When her latest case brings her and her husband in close proximity with a new killer, she starts having strong visions involving the women that are being murdered and she thinks she knows them. She thinks it’s the ghost of the groundskeeper who is now haunting her and she feels the close hand of destiny closing around her throat.
The dead, Mary thought, don’t stay dead. Not forever. Not even for long. They rise up from their graves. The ground doesn’t hold them. Remorse doesn’t hold them. Neither grief nor acceptance, neither fear nor forgetfulness holds them. Nothing holds them
She goes to see a psychologist to see if they can unlock her past memory and as the thoughts creep closer, all the miniature glass objects in the room fly about and break on the floor. It’s the first time she’d experienced Telekinesis.
Telekinesis is the ability to move objects or to cause changes within objects solely by the force of the mind
Telekinesis is often mistaken for the work of poltergeists, which are playful and occasionally malevolent spirits. The existence of poltergeists as astral beings is debatable and certainly unproven. It should be noted that in most houses where poltergeists have appeared, there resides an adolescent with serious identity problems, or some other person under severe nervous strain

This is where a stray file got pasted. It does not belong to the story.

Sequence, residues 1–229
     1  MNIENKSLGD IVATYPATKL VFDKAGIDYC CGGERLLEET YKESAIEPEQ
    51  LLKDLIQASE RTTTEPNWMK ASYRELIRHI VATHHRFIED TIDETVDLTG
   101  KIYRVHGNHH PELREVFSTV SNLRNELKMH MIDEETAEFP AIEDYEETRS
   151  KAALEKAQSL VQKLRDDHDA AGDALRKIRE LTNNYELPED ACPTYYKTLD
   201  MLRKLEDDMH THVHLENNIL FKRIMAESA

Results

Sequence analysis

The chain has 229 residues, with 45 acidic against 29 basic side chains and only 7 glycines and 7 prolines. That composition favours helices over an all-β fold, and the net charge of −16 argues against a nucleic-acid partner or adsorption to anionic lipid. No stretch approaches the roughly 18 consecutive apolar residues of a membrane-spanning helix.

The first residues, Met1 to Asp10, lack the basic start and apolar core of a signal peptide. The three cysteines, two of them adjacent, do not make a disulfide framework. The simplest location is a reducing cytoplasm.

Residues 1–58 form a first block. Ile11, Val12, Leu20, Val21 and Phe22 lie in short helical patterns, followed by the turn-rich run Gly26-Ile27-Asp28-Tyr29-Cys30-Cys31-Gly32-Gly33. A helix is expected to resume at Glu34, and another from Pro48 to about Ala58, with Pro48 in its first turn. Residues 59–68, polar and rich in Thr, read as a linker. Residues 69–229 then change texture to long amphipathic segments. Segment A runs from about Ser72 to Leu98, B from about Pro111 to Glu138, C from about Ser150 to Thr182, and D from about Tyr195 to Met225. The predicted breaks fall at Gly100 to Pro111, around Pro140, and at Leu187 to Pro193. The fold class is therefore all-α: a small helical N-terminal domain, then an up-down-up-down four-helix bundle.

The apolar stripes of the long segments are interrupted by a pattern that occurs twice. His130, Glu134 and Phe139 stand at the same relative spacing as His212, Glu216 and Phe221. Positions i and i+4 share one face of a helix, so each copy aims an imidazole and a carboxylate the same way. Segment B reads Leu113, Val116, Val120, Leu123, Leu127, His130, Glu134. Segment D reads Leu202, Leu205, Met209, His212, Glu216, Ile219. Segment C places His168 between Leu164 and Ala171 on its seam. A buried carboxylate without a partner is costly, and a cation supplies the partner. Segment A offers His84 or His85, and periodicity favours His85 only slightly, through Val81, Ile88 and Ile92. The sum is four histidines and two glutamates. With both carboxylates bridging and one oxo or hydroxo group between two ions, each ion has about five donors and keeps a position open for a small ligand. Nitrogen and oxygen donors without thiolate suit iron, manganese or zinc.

We’re made to believe (for about the entirety of the book) that the killer is actually her loving husband, Max.
Don’t ever leave me. Stay with me as long as I live.” “As long as you live,” Max promised.
Lightning ripped open the sky again: the reflection of light from its blade shone through the windows; and for an instant it turned Max’s eyes into icy blanks.
The twist that came at the end of the book was that the killer was actually someone Mary knew and trusted, but not the husband. It was her brother, Alan, who was also responsible for the abuse she suffered when she was young and who convinced her under threat to lie about who the abuser was. Alan thinks he’s a vampire, a demon. He performs sacrilegious acts with every murder and feels a thrill knowing that his psychic sister can see the deeds but never the doer as her subconscious is blocking the true face of the attacker.